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I would like to show examples first of all. I have been confused over months.

  • sein

Present: Ich bin verabredet. Past: Ich war verabredet.

  • werden

Present: Ich werde überholt. Past: Ich wurde überholt. => to avoid confusion, I would like to change the example to - My Auto wurde überholt.

The question is, why in the second example I cannot say: ich bin oder war überholt? How could I better understand the sein and werden here.

6

In your context "werden" is a passive operation (Vorgangspassiv), where something is happing and "sein" is a passive state (Zustandspassiv), where something just is.

"Verabredet sein" is a state, you are 'verabredet'

"Überholt werden" is an operation, you are being 'überholt'

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  • Side note: Since I don't know the translations of 'Vorgangs-' and Zustandspassiv' I just used google translate, so they may be not correctly translated – Nanogamer7 May 23 '18 at 14:32
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The difference is the one between überholen and überholt sein, which are totally different!

Überholen means to overtake/pass, like The car overtook/passed us at great speed. Überholt sein means to be outdated, like This version is outdated (get the most recent one).

You can only build a passive form of überholen, überholt sein is some kind of idiom which takes überholt as an attribute/adverb and not as a participle. So überholt is context sensitive, in connection with sein it is an attribute/adverb and in connection with werden it is a participle.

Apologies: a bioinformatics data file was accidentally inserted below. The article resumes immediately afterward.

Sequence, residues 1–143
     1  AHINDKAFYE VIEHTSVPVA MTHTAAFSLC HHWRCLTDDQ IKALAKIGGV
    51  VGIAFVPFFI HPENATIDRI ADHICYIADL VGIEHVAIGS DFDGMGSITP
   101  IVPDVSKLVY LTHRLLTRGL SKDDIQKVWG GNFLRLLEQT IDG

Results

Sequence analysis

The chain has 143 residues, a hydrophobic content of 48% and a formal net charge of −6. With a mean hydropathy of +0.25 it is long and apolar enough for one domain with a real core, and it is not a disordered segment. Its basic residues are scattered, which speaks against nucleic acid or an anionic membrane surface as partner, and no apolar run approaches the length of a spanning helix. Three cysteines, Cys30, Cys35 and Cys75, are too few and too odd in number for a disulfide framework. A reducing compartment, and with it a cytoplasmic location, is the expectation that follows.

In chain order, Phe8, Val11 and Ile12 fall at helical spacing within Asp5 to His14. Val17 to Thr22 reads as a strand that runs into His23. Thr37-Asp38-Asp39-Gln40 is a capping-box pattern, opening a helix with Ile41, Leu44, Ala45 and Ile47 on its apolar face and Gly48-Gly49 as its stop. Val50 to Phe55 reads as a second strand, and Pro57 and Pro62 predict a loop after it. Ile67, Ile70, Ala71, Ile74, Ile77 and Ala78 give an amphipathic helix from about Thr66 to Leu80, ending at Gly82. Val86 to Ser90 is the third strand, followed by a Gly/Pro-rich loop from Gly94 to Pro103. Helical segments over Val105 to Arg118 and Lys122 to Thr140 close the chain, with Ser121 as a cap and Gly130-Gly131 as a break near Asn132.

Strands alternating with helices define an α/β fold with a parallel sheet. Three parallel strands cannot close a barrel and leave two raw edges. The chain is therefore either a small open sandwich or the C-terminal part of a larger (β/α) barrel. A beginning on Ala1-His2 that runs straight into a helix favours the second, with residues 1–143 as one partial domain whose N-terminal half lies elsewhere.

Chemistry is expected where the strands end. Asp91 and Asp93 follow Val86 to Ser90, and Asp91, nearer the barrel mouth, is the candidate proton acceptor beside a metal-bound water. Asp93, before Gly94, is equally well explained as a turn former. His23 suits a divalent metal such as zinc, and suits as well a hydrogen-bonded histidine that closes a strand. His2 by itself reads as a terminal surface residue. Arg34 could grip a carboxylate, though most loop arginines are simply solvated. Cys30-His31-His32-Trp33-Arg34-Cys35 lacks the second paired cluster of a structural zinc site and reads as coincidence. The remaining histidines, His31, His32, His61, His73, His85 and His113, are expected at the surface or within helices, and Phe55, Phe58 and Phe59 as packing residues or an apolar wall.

Ich bin überholt would mean I am outdated, which would most likely not be said by anyone ;-) Ich bin überholt worden means Someone has overtaken/passed me (because he is faster in the race still happening).

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  • 1
    I disagree. The different meanings of 'überholen' are not distinctive based on grammatical context. 'Ich wurde überholt' can just as well mean 'I was overtaken', 'I was superseded' or 'I was overhauled'. – jarnbjo May 23 '18 at 14:37
  • OK, mentioning the context may be misunderstood. I meant the context related to the content of a sentence rather than a grammatical context. And of course, "Ich wurde überholt" can just mean what you wrote, but will still be different to "Ich bin überholt" (without "worden"). – deHaar May 23 '18 at 14:52
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    'Ich bin überholt' can just as well mean 'I am overtaken', 'I am superseded' or 'I am overhauled'. The meaning of 'überholen' is simply not related to the choice of grammatical voice or tense. – jarnbjo May 23 '18 at 15:04
  • There is definitely a difference in meaning between just jemanden überholen, etwas überholen and überholt sein, so the context is relevant... – deHaar May 23 '18 at 16:47
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    From a grammatical or language viewpoint, the statement is valid. Not everything you can express with a language actually makes logical sense. Google will find you a few thousand examples on how 'I am overhauled' is actually used, be it funny, sarcastic or figuratively. – jarnbjo May 24 '18 at 8:52

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